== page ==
Legal teams help clients through financial crisis

November 10, 2008
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Dickinson Wright has formed an Economic Recovery Team to advise clients on the best legal courses of action for every facet of their business that’s taking a hit from the current economic climate.

There are a growing number of law firms putting together such teams to meet their clients’ economic challenges.

Dickinson Wright decided to form the group as different versions of the bailout bill were being proposed, said attorney David Malson. The Emergency Economic Relief Act of 2008 was signed into law Oct. 3. At the heart of the legislation is the $700 billion Troubled Asset Relief Program, which authorizes the U.S. Treasury to purchase troubled assets outstanding from financial institutions, savings associations, credit unions, security brokers or insurance companies. The federal government’s intervention into the financial system was meant to attack the credit crunch and restore liquidity and stability to the system. 

“We felt it was something that would be important for us to get out in front of,” Malson said. “We pulled together different lawyers from different practice groups so we could take a cross disciplinary approach to looking at opportunities for our clients under the act.”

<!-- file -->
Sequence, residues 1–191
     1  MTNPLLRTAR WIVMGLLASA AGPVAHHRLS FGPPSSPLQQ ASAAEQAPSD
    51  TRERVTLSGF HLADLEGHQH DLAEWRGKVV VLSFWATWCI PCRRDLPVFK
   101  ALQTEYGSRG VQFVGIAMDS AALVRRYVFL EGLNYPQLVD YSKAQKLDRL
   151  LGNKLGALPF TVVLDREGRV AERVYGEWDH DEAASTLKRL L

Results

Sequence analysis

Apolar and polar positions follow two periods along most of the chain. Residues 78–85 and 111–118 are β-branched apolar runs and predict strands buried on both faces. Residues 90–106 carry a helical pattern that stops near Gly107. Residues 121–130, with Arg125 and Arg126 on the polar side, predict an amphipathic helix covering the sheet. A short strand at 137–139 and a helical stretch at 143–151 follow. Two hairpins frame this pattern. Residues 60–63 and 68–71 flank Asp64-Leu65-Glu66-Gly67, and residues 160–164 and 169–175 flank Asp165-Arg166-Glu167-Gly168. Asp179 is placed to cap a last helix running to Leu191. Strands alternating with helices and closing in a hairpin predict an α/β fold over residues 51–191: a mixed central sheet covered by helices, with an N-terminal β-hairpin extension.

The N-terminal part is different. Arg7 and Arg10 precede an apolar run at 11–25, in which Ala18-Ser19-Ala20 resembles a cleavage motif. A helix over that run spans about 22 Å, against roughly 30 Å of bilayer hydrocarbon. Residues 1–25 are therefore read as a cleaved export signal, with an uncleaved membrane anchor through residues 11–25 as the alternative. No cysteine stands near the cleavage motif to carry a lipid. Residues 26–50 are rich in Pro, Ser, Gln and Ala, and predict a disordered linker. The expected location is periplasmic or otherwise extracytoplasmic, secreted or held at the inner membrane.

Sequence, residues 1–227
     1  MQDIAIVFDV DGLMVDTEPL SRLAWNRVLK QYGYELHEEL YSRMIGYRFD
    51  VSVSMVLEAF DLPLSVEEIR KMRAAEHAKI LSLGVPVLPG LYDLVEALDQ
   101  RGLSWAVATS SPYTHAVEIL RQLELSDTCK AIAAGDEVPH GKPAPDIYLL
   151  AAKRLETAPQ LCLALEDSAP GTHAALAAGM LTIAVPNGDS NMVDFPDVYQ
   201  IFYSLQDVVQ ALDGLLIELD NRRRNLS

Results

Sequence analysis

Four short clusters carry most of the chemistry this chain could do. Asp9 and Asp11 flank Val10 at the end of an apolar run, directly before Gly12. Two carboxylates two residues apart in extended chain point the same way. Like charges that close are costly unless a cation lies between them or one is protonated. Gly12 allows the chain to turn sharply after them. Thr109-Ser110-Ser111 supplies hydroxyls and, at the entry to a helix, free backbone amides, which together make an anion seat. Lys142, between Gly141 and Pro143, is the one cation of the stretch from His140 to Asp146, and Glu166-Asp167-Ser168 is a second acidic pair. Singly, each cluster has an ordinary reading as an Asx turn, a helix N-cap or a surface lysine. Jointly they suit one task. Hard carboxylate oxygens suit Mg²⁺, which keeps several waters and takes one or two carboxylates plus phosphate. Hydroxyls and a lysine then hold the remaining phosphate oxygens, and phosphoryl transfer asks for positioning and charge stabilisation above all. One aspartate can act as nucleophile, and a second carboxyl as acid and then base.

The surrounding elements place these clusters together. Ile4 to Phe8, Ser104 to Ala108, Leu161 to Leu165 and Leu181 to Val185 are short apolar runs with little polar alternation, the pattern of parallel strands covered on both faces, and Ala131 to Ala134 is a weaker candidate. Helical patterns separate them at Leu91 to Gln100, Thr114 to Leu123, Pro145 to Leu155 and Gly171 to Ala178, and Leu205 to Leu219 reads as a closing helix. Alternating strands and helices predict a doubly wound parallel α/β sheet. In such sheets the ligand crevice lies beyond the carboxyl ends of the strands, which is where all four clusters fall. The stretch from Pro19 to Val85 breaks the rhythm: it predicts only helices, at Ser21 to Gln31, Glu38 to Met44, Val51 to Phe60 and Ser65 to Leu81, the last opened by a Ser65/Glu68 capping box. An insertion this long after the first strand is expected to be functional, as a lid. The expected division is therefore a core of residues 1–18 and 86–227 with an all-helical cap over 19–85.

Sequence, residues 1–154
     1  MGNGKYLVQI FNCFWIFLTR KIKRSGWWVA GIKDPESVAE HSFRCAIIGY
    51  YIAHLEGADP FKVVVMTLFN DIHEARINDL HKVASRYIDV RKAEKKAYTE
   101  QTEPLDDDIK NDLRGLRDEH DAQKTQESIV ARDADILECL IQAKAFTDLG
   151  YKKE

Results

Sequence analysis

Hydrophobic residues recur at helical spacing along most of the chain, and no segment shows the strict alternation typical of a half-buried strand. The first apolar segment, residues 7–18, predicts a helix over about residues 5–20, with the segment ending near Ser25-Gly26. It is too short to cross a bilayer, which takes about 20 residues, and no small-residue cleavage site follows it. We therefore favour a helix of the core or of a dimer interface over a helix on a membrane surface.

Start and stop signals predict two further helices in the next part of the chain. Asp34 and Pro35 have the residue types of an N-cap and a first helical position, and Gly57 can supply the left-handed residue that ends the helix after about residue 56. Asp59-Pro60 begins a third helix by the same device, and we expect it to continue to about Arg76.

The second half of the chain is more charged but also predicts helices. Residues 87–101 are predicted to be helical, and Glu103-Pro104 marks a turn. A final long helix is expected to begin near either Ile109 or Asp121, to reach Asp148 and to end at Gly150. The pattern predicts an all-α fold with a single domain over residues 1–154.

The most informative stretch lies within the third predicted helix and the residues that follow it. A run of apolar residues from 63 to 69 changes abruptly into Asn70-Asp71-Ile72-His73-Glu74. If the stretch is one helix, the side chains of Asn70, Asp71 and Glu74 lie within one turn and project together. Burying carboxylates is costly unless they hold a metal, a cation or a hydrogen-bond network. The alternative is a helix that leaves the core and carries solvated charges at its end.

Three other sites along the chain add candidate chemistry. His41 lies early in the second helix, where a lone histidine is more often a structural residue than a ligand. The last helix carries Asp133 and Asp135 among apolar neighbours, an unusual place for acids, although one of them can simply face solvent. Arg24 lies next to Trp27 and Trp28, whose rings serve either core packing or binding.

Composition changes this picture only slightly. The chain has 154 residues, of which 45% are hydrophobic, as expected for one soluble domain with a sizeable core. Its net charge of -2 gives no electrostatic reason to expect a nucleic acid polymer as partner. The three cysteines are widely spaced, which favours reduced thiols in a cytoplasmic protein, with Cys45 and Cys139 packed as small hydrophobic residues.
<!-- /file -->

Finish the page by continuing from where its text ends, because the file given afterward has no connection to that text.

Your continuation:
The team is comprised of 12 attorneys from the firm’s various offices. Collectively, they practice in all areas of law affected by the financial crisis, including real estate, insolvency, banking, corporate, litigation, municipal finance, regulatory and tax law. The recovery team will draft, publish and mail client alerts, which will also be posted on Dickenson Wright’s Web site. It also will host seminars on the credit crisis, the first of which is to be held simultaneously in Detroit and Grand Rapids on Nov. 13. The seminar will feature policymakers from the House Financial Services Committee, Senate Finance Committee, General Accounting Office and others. Malson said the seminars will be rolled out to other cities where the firm has offices and clients.

“This is a very unique act because it’s evolving on a daily basis,” Malson said. “A lot of what I would call the details of implementing the act were intentionally left to be sorted out as the process went along.”